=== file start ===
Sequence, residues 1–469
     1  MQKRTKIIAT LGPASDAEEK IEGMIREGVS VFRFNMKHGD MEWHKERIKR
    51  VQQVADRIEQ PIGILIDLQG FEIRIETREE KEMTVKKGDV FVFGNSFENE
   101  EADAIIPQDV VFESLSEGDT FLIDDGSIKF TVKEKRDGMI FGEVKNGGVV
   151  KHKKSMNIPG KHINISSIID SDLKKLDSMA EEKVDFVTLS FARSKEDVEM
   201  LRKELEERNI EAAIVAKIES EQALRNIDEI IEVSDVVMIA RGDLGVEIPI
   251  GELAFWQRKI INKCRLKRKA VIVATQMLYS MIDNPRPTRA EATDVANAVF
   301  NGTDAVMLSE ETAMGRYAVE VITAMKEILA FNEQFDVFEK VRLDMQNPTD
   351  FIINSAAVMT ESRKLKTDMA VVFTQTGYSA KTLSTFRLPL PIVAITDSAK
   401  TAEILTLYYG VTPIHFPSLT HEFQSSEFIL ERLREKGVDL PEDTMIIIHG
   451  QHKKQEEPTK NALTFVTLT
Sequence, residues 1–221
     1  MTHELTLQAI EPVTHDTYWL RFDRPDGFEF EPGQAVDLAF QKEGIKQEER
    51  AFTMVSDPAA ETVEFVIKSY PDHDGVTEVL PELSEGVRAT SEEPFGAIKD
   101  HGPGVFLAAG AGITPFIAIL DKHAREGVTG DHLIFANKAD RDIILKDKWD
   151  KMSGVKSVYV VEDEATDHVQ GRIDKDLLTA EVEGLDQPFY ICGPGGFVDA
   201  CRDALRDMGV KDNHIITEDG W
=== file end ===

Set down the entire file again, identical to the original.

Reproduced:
Sequence, residues 1–469
     1  MQKRTKIIAT LGPASDAEEK IEGMIREGVS VFRFNMKHGD MEWHKERIKR
    51  VQQVADRIEQ PIGILIDLQG FEIRIETREE KEMTVKKGDV FVFGNSFENE
   101  EADAIIPQDV VFESLSEGDT FLIDDGSIKF TVKEKRDGMI FGEVKNGGVV
   151  KHKKSMNIPG KHINISSIID SDLKKLDSMA EEKVDFVTLS FARSKEDVEM
   201  LRKELEERNI EAAIVAKIES EQALRNIDEI IEVSDVVMIA RGDLGVEIPI
   251  GELAFWQRKI INKCRLKRKA VIVATQMLYS MIDNPRPTRA EATDVANAVF
   301  NGTDAVMLSE ETAMGRYAVE VITAMKEILA FNEQFDVFEK VRLDMQNPTD
   351  FIINSAAVMT ESRKLKTDMA VVFTQTGYSA KTLSTFRLPL PIVAITDSAK
   401  TAEILTLYYG VTPIHFPSLT HEFQSSEFIL ERLREKGVDL PEDTMIIIHG
   451  QHKKQEEPTK NALTFVTLT
Sequence, residues 1–221
     1  MTHELTLQAI EPVTHDTYWL RFDRPDGFEF EPGQAVDLAF QKEGIKQEER
    51  AFTMVSDPAA ETVEFVIKSY PDHDGVTEVL PELSEGVRAT SEEPFGAIKD
   101  HGPGVFLAAG AGITPFIAIL DKHAREGVTG DHLIFANKAD RDIILKDKWD
   151  KMSGVKSVYV VEDEATDHVQ GRIDKDLLTA EVEGLDQPFY ICGPGGFVDA
   201  CRDALRDMGV KDNHIITEDG W